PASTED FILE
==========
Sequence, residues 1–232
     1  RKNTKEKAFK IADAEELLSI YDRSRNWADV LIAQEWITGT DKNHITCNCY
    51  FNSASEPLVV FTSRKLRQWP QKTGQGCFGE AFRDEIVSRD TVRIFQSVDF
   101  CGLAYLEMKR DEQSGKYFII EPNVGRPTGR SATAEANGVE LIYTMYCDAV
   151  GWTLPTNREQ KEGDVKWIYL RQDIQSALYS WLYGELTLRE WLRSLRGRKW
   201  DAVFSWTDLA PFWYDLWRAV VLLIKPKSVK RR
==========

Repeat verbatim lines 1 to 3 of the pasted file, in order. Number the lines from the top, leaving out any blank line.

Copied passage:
Sequence, residues 1–232
     1  RKNTKEKAFK IADAEELLSI YDRSRNWADV LIAQEWITGT DKNHITCNCY
    51  FNSASEPLVV FTSRKLRQWP QKTGQGCFGE AFRDEIVSRD TVRIFQSVDF